Dave Discusses Most Important Religious Liberty Case in a Generation

Dave Discusses Most Important Religious Liberty Case in a Generation

In just a few weeks the U.S. Supreme Court is expected to hand down a decision in Trinity Lutheran Church v. Comer, the most important religious liberty case it has considered in nearly three decades – and a case that originated right here in Missouri.  The question before the Court is: “Does the First Amendment allow governments to discriminate against religious organizations for no reason other than that they are religious?”

The way the Supreme Court answers this question will have far-reaching impact because more than two-thirds of the states have provisions in their constitutions that prohibit the use of public money “in aid of” religious groups.  Many of these states have already recognized that the goal of these provisions is to prevent the government from subsidizing religious practice, not to exclude religious groups from participating in secular government programs otherwise open to all. But Missouri’s courts have interpreted Article I, section 7, and Article IX, section 8, very strictly, which is why the government refused to give Trinity Lutheran Church in Columbia a grant for putting a rubberized surface on a playground open for public use, even though its application scored very highly according to the purely secular criteria the government used to decide which non-profit groups would receive grants.  The government’s position was that Trinity Lutheran must be excluded from this purely secular grant program simply because it is a religious organization.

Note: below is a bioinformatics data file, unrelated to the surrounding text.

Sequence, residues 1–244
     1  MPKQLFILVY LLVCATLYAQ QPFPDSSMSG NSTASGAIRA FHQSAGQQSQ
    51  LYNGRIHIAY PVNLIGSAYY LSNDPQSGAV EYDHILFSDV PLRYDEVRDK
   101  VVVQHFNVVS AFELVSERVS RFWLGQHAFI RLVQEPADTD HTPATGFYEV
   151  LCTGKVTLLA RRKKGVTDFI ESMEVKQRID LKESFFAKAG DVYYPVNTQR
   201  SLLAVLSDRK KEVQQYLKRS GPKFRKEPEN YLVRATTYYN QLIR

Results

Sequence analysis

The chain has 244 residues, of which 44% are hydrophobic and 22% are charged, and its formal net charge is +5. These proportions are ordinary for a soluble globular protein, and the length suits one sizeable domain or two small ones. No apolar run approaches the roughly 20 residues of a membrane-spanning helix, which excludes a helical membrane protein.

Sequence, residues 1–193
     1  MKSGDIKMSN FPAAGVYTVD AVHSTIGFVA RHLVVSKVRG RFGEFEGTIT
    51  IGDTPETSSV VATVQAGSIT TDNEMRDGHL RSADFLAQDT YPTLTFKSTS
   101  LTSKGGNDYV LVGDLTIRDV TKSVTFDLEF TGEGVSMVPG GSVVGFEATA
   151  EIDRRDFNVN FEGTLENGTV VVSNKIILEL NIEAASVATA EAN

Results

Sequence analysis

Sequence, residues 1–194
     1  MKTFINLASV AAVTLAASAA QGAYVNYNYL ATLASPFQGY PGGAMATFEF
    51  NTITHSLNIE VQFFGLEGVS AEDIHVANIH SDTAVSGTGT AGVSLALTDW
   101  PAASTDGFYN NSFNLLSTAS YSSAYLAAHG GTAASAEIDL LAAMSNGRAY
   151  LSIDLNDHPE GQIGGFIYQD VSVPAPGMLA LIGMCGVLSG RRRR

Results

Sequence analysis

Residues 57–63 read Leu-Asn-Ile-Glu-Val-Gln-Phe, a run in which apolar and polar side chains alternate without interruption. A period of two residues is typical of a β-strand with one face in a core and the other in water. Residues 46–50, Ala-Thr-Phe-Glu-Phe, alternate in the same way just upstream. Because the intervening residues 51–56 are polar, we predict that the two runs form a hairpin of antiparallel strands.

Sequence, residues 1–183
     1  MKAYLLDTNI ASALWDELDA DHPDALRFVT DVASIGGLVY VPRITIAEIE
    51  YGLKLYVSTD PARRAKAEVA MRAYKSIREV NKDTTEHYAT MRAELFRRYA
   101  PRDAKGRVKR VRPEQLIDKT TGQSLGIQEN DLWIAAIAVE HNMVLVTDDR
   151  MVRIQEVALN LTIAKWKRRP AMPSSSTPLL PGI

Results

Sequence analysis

Dave recently discussed this case and the broader issues surrounding it in a series for Law Meets Gospel, a podcast hosted by Josh Tatum, who was one of Dave’s classmates in the Law and Religion joint degree program at Vanderbilt University.  Mr. Tatum is an attorney in Indianapolis, Indiana, whose practice includes advising and representing churches and other religious organizations on a wide range of legal matters.  His podcast is intended to help people of faith (and the attorneys that assist them) gain a better understanding of how legal principles impact faith communities.  The episodes in which Dave is a special guest are embedded below:

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